Mon, Nov 11, 2013 - Page 7 News List

FEATURE: ‘Fight without rules’: Russia’s No. 1 pastime

AFP, MOSCOW

Mixed martial arts fighters train on Sept. 27 at a club in Moscow with photographs of famous Russian heavyweight fighter Fedor Emelianenko on the wall.

Photo: AFP

Two men inside a cage grapple on the floor, one violently pounding his opponent in a no-holds-barred sport banned in many countries, but which has Russian crowds going wild for more.

“Come on, hit him hard,” screamed one of the 1,000 or so spectators packed around the ring at a mixed martial arts (MMA) championship in Moscow.

Often called “fight without rules” in Russian, the combat discipline was virtually unknown here a decade ago, but since then has become an officially recognized sport and gained thousands of fans.

New clubs are popping up all the time and not just for men. Women and children are also training in this extreme fighting style that allows almost any strikes or kicks, including from judo, boxing, taekwondo, karate and kung fu.

Dating to the 1920s, MMA was popularized in the 1990s, but did not catch on in Russia until Russian heavyweight fighter Fedor Emelianenko won a series of international tournaments in 2001 and 2002.

“MMA is now very popular in Russia, almost as popular as boxing and other disciplines that have been around for much longer,” said Ivan Ivanov, director of Rod, one of Moscow’s major clubs.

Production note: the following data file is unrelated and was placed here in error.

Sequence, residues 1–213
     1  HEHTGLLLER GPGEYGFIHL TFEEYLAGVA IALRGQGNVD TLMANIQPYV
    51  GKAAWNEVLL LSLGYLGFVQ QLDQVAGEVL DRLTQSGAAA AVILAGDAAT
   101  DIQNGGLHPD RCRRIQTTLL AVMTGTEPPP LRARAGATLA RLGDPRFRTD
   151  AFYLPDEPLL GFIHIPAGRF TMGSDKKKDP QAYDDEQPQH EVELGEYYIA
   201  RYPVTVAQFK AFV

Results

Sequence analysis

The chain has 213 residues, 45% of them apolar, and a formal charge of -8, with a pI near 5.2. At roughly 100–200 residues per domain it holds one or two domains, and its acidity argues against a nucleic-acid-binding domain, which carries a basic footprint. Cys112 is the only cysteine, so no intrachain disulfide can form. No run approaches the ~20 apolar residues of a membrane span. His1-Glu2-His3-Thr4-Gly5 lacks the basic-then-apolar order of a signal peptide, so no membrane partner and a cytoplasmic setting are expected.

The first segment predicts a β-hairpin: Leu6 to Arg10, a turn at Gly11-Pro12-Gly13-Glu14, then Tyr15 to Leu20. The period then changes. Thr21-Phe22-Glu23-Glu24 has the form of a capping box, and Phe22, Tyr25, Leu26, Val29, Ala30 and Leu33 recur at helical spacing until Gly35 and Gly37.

When Rod opened its doors in 2007, it had a dozen enthusiasts. Now, about 350 people train there, said Ivanov, a bearded former police officer with an imposing build.

“There are a lot of people from the security forces, but also many students and office workers,” he said.

The club admits children over the age of six, who can learn holding and striking techniques with adults. Biting, eye-gouging and strikes to the throat or spine are some of the few techniques that are banned in the ring.

“It’s the sport that most resembles a street fight,” said Vyacheslav “Ali Baba” Yurovskikh, an MMA amateur who at 41 is one of the older competitors at Russian tournaments.

“It’s cold in Russia, so we fight to keep warm,” he joked, saying that despite the sport’s violent reputation, it is not so dangerous. “In the ring, there is a judge who will stop the fight in time.”

Female fighter and Thai boxing champion Anastasiya Yankova, 22, got hooked the first time she tried MMA.

“In the ring, I have no fear. It’s more like a rush of adrenaline. It’s like a drug, a feeling that you want to repeat again and again,” she said.

Still, female fighting remains a rarity in Russia and some of the more fervent MMA participants are not happy with the idea.

The MMA subculture in Russia has become mixed with nationalism as some clubs have striven to only train ethnically Slavic Russians rather than people from the mostly Muslim North Caucasus region, where combat sports are enormously popular.

Some amateur tournaments do not allow non-Slavic Russian fighters from the turbulent southern region, home to many of the country’s successful wrestlers.

One major sponsor of MMA events is Russian clothing brand White Rex, which, according to the company’s own advertising, aims to “recreate the fighting spirit” of the “white people of Europe.”

While the sport has drawn the attention of Russian President Vladimir Putin, who is a black belt in judo, this has not thrilled some MMA circles, who famously heckled him at one of Emelianenko’s last fights in Moscow in 2011.

Slavic nationalists are not natural Putin supporters and decry his policies to stabilize the North Caucasus with an injection of funding.

This story has been viewed 1035 times.
TOP top